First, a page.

The piece de résistance of the Penis- tone line is the great viaduct across the Lockwood valley from Dungeon Wood to Taylor Hill, built by John Hawkshaw, M.Inst.C.E. The contractors were Messrs. Miller, Blackie and Shortridge, with John Fraser resident engineer and William Bain inspector of works. The inscribed stone placed in the pier of the arch which crosses Woodhead Road (Tavlor Hill end) is the only one of its kind to be found on the three Huddersfield railways.

Lockwood viaduct is bold in concep- tion and design, and its engineering, architecture, and workmanship challenge comparison with any other railway work in the country. The viaduct is 476 yards in length, and consists of 36 arches (34 semi-circular arches, each of 30 feet span, and two oblique arches). I The oblique arch over the Huddersfield and Meltham road is 70 feet span, at an angle of 33, while the skew arch at the opposite side of the valley is 40 feet span, at an angle of 52. The height from the foundations to the top of the parapet is 136 feet and from the bed of the river to the level of the rails is 122 feet. The total quantity of masonry is 36,000 cubic yards. The out- side width of the viaduct at the level of the rails is 28 feet, with an inside width of 25 feet. The line across the valley is straight.

The accounts side show the viaduct to have cost £33,000, inclusive of all excavation for foundations, scaffolding, centering, and every expense connected with its erection. The materials used—

hard and tolerably flat-bedded sandstone ~-were obtained from the adjoining Taylor Hill and Berry Brow cuttings, which were one great mass of stone. The style of masonry adopted was not the best, but it was employed to use up all the stones which were quarried. ‘ Snecked

rubble ”’ stonework had not hitherto been

applied to structures of such magnitude.

The first stone was laid by Mrs. John Shaw, wife of the principal contractor, at the Taylor Hill side, on Monday, April 20th, 1846, and the viaduct was completed except for the parapet three years later. For a period, however, the work had not been actively carried on. The first arch was keyed-in on the afternoon of Friday, August 13th, 1847, in the presence of a large crowd and Drake’s celebrated brass band. Afterwards there was a dinner at the Shoulder of Mutton Inn, Lockwood, the workmen being regaled with a plenti- ful supply of ale, etc., at Mr. Shaw’s expense. Several accidents occurred during building operations but only two lives were lost.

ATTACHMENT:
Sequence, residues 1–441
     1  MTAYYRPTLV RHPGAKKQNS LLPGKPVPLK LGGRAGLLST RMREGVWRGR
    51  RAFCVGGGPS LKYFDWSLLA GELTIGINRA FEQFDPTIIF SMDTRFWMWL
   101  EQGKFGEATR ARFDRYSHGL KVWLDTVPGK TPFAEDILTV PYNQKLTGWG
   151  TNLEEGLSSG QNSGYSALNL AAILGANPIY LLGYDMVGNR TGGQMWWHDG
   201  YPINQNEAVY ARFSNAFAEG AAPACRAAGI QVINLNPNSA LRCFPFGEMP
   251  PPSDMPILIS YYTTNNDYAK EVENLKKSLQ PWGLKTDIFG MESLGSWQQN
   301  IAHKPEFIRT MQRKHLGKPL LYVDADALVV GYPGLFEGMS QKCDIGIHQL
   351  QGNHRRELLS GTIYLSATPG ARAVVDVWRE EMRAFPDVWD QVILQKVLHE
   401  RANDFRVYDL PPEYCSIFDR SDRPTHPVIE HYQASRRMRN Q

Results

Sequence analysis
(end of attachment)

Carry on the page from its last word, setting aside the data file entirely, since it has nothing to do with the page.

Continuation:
Next in importance to the Lockwood viaduct was the structure at Denby Dale. The Dale at the point of crossing is 1,000 yards wide. The original viaduct was built of wood, being nearly 400 yards in length and towering in the air from the bed of the stream to a height of 112 feet. The design of the viaduct was unique, the beams of timber being set end to end, and held together by cross-pieces placed at right angles and diagonally. This frame- work was surmounted on top by a double flooring composed of planks passing also diagonally and cross-wise, and over the

_ whole the rails were laid on longitudinal

sleepers. The general appearance of this wooden viaduct was one of extreme lightness, and even its birdcage look did not entirely rob it of being a work of art.

About £5,000 damage was caused to the Denby Dale viaduct by a gale on January 27th, 1847. Of the.. forty perpendicular supports erected, twenty- seven were blown down. ‘The original plan called fora stone viaduct, the wooden structure being considered unsuitable for the place and purpose. However, its

‘building was continued and completed

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early in 1849. The contract for the building of the present stone viaduct was let on August 25th, 1877, and the last arch was keyed-in two years afterwards. It was opened on Whit Sunday, May 16th, 1880, the whole works being completed by March, 1884. Two stone arches of the old viaduct are alongside the present one.


The Mytholmbridge viaduct on the Holmfirth. branch line was similar in construction to Denby Dale viaduct. The height from the bed of the rivulet to the face of the rails was 90 feet, its length being 206 yards. Part of this erection was also blown down by wind on February 19th, 1849. It was condemned along with Denby Dale, and work on a new stone viaduct commenced in 1864. At a quarter to six on Sunday morning, December 3rd, 1865, the wooden Mytholmbridge viaduct


collapsed, the massive beams of timber being riven asunder and smashed like matchwood by the falling of the huge blocks of stone of which some of the battlements were constructed. The first train from Huddersfield was due at Brockholes just over an hour after the accident occurred.

An omnibus service was run between Honley and Holmfirth until the viaduct was rebuilt. Mr. Henry Wadsworth, of Holmfirth, was the contractor, and it consisted of thirteen arches (length 200 yards). Mr, Wadsworth sustained a loss of about £7,000 by the fall of the old viaduct. On March 11th, 1867, after a break in rail communication of fifteen months, the Holmfirth line was reopened, and although snow was falling, hundreds of pecple assembled at Holmfirth Station for the arrival of the first train. Local